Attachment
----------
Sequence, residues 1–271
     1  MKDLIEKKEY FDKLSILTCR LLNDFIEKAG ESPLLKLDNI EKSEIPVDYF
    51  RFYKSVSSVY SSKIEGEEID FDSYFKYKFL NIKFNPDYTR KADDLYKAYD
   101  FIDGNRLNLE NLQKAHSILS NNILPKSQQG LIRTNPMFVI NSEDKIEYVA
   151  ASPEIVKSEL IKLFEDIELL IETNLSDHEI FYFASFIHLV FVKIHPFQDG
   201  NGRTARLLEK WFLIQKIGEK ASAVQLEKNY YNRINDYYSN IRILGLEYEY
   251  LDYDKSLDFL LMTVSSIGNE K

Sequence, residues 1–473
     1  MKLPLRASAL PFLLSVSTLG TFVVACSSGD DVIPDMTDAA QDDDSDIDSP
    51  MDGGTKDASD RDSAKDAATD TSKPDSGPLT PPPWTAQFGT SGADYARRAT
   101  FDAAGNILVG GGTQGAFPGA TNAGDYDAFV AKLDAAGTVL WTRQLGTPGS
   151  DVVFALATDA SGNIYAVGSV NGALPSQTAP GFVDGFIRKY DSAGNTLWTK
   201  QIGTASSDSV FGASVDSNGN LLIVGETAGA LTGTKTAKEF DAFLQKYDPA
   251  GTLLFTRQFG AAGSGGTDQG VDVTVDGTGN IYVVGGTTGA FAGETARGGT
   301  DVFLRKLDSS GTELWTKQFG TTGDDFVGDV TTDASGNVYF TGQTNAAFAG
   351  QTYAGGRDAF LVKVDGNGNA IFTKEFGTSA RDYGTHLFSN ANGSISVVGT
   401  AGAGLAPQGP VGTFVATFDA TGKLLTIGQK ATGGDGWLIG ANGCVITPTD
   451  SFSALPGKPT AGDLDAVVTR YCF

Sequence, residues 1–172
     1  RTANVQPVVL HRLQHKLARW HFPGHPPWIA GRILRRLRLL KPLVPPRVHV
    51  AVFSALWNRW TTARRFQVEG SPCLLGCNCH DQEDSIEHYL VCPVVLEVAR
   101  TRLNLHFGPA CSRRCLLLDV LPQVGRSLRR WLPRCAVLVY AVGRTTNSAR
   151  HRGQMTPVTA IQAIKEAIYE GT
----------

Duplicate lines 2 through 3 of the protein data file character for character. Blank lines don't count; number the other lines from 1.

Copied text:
     1  MKDLIEKKEY FDKLSILTCR LLNDFIEKAG ESPLLKLDNI EKSEIPVDYF
    51  RFYKSVSSVY SSKIEGEEID FDSYFKYKFL NIKFNPDYTR KADDLYKAYD